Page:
This is a totally random post full of linux commands that I find useful but am always forgetting. I use linux at work and also on a command-line-only VM at home. I'm always battling with it, largely because I'm a noob. Usually after a couple of hours of playing with it I have a head full of really useful commands. However the next time I run into a problem I won't remember any of them.
To prevent that happening again, this is a brain dump of all the commands I really, really should remember.
You want to install something:
[cc lang="bash"]sudo apt-get update sudo apt-get install ####[/cc]
Keeping things up-to-date:
[cc lang="bash"]sudo apt-get update sudo apt-get upgrade[/cc]
It seems that a lot of the time aptitude is actually better at this stuff?
[cc lang="bash"]sudo aptitude full-upgrade[/cc]
[cc lang="bash"]sudo apt-get autoclean sudo apt-get clean[/cc]
(or use aptitude)
Something won't install because you've not got access to it (it's not available for your distro etc). You probably need to find a URL for a "PPA" from somewhere like http://launchpad.net (Try Googling "project-name ppa site:launchpad.net" - thanks @Keithamus) to add to:
[cc lang="bash"]sudo vim /etc/apt/sources.list[/cc]
These usually require keys which are provided with the URL. To add the key:
[cc lang="bash"]sudo apt-key adv --keyserver keyserver.ubuntu.com --recv-keys ###key###[/cc]
There's loads of useful information about this here: https://launchpad.net/+help/soyuz/ppa-sources-list.html
Where am I / it ?
What version of ubuntu am I on?
[cc lang="bash"]cat /etc/issue[/cc]
Where is something installed (e.g. mysql)
[cc lang="bash"]which mysql[/cc]
Where are the files located?
[cc lang="bash"]locate mysql[/cc]
You probably want to pipe that into less
[cc lang="bash"]locate mysql | less [/cc]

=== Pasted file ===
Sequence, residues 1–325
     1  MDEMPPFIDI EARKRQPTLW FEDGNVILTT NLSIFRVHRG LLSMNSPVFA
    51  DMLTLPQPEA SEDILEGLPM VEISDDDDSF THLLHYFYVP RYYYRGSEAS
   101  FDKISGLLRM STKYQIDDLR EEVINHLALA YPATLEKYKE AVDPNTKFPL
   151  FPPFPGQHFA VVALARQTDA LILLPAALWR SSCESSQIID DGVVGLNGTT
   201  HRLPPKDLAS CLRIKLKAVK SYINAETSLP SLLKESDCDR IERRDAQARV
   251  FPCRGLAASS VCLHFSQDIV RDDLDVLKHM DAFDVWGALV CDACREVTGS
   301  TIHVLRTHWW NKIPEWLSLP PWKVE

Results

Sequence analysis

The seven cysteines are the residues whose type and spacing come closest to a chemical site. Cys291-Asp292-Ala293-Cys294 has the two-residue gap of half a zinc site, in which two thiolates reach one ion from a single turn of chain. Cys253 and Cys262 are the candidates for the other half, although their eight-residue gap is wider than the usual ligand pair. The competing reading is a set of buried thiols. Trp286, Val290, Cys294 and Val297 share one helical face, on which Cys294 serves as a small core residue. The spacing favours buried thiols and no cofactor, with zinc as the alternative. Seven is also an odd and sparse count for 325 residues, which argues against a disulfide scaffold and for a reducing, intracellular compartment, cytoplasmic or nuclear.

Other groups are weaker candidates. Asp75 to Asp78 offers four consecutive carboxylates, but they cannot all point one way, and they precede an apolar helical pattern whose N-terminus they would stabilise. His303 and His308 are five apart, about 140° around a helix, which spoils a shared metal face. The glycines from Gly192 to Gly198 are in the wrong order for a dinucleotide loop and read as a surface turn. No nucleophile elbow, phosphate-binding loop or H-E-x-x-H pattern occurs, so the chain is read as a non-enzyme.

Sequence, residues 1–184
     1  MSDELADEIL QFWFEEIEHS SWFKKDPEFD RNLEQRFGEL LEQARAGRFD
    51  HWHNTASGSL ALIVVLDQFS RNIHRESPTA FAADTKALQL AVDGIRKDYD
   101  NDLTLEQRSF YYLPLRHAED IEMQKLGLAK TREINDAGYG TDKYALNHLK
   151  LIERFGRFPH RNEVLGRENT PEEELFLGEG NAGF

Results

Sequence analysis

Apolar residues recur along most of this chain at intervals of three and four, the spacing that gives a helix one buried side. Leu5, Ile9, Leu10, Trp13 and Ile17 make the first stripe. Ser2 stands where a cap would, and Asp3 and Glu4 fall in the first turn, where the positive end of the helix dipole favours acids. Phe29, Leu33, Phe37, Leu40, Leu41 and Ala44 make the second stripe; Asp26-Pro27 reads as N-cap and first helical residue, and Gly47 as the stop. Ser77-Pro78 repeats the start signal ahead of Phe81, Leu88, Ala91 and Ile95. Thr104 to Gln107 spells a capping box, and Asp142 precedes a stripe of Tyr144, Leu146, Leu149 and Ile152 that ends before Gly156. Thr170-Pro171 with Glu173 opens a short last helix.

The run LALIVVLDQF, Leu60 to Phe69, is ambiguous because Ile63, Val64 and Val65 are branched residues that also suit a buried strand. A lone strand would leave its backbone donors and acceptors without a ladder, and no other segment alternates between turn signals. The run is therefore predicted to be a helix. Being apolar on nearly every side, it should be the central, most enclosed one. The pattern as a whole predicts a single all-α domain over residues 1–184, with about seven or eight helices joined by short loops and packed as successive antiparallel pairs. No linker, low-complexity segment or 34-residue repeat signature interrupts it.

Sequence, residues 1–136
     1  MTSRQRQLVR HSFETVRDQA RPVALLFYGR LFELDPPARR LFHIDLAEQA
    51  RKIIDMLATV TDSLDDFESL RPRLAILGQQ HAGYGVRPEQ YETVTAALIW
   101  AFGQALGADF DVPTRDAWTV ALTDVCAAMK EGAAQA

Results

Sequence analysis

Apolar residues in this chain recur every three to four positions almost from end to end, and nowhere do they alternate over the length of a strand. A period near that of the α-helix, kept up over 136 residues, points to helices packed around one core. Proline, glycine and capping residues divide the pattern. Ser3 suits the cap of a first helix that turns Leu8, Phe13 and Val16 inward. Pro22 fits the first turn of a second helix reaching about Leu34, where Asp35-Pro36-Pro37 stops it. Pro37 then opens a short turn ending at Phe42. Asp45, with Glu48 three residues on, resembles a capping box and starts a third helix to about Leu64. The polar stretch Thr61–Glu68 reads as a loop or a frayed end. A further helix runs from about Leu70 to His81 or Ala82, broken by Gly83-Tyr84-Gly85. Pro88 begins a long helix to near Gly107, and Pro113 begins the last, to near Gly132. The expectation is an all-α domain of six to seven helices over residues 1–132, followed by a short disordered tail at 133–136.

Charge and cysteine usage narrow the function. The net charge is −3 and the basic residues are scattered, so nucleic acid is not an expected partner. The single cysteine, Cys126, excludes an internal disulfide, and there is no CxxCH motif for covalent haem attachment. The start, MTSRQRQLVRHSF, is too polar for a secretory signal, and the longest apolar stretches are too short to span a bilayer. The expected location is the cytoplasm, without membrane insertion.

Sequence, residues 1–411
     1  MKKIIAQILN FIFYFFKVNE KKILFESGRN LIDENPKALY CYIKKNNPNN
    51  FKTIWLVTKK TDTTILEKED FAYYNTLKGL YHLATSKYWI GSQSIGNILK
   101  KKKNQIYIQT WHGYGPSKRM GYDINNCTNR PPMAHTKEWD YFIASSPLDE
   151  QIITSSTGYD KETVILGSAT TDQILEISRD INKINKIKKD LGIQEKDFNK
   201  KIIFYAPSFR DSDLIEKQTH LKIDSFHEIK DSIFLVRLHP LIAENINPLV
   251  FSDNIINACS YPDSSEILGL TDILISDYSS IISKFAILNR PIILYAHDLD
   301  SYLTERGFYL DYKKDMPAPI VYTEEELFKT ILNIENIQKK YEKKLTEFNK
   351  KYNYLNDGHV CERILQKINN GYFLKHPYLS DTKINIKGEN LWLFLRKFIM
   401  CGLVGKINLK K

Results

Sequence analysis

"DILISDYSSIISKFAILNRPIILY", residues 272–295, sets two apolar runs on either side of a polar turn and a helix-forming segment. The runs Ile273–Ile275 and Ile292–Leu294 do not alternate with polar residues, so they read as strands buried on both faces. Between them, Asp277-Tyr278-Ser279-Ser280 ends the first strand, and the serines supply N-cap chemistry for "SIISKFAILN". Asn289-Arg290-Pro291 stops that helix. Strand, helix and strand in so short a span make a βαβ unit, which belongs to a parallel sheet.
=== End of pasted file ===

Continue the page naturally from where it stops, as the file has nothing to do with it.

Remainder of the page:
To find a file with a specific file name the syntax is:
[cc lang="bash"]find PATH -name 'FILENAME'[/cc]
An example might be:
[cc lang="bash"]find / -name 'myfile.txt'[/cc]
To find text within a file the syntax is:
[cc lang="bash"]grep -r 'SEARCH' PATH[/cc]
An example might be
[cc lang="bash"]grep -r 'Hello World' /[/cc]
I always forget the -r to make it recursive and wonder why it doesn't work.
Samba broke? Go Windows stylee & restart it:
[cc lang="bash"]sudo /etc/init.d/samba restart[/cc]
Still broke? Get a more useful error message from Windows by going into the command prompt and typing
[cc lang="dos"]net use m: \ip-address\service[/cc] (Yes OK this is a Windows command not a linux one...)
Perhaps it doesn't recognise the username/password combo:
[cc lang="bash"]sudo smbpasswd –a username[/cc] (and enter a new password when prompted)
Still broke? You might need to do some reconfiguring in the config file. Remember to check that everything has the access privileges it needs
[cc lang="bash"]sudo /etc/samba/smb.conf[/cc]
Yep, I are one! Like a linux redneck. I use a dash of trial and error mixed with a pinch of brute force, but normally I win in the end :D Hope someone else finds these useful. Also, yes I pretty much sudo everything. Sudo make me a sammich and all that jazz.
See something really bad here? Please enlighten me, but be gentle!